Canberra property prices continued to surge during the June quarter as the runaway housing markets of Sydney and Melbourne led the nation.
Australian Bureau of Statistics figures for the three months to June show Canberra residential prices grew by 7.9 per cent compared to the same time last year. The growth of house prices in the capital is the second strongest figure in recent years, topped only by the March result of 8.9 per cent.
That price growth in Canberra has been steadily accelerating since 2013, but still failed to reach the eight capital city average of 10.2 per cent for June, driven largely by the country's two largest markets, Sydney and Melbourne, which grew by 14.4 per cent and 13.4 per cent respectively.
Housing Industry Association senior economist Shane Garrett said a combination of factors including low interest rates, tight land releases and interest from interstate and international investors were contributing to the growth in Canberra residential property prices.
"Canberra has underperformed those markets in the last 5 or so years compared to the nearly 80 per cent increase in values of Sydney and Melbourne over the same time. So when you've got cities not that far away, there's a bit of catch-up going on," Mr Garrett said.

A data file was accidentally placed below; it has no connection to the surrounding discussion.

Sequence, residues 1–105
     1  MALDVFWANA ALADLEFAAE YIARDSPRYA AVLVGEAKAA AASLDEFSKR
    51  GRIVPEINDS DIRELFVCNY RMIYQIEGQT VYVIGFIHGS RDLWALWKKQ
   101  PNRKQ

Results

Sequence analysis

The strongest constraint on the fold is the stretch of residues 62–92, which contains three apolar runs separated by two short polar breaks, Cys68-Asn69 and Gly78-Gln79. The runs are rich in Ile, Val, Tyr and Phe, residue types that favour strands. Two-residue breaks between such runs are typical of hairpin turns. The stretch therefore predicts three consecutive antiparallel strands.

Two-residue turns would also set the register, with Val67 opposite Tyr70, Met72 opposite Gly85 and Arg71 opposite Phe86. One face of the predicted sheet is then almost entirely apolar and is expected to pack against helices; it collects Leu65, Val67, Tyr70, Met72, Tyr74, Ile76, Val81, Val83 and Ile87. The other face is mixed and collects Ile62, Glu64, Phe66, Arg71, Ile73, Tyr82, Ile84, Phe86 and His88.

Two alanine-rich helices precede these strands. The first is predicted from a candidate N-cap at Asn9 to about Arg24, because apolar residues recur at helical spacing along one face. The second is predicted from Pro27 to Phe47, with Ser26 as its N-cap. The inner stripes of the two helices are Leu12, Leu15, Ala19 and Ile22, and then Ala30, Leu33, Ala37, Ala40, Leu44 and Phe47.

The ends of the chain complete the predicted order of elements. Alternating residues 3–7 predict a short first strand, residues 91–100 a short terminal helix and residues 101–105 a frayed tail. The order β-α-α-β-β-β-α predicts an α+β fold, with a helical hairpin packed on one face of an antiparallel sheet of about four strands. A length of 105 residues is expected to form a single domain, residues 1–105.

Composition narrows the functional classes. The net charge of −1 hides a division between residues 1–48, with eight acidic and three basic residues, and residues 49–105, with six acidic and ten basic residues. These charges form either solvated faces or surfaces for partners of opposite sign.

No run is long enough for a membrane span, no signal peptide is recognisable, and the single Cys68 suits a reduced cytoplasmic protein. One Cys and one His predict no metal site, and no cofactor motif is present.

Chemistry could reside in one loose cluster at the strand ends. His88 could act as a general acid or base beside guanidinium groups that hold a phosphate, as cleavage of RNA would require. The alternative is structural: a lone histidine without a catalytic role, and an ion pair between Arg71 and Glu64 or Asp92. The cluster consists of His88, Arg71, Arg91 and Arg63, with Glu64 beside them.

The NSW Government's stamp duty surcharge on foreign buyers was also encouraging some investors to look at other jurisdictions like the ACT.
Mr Garrett said strengthening interstate migration into the ACT was also driving demand for housing, as was the ACT's unique situation where the territory government kept tight control of the release of new blocks onto the market.
While the growth will be unwelcome news for first-home buyers in the ACT, apartment values had not grown to the same extent as detached homes and remained more affordable.
Elsewhere the picture was markedly different in the mining states of Western Australia and Queensland. In Perth, dwelling prices went backwards by 3.5 per cent while Brisbane property prices increased by just 3.5 per cent, and Darwin prices decreased by 5.9 per cent compared to the same three months of 2016.
"The ultimate solution to the affordability challenge is to make the delivery of our future housing stock easier and less costly. More flexibility in housing supply is the answer," Mr Garrett said.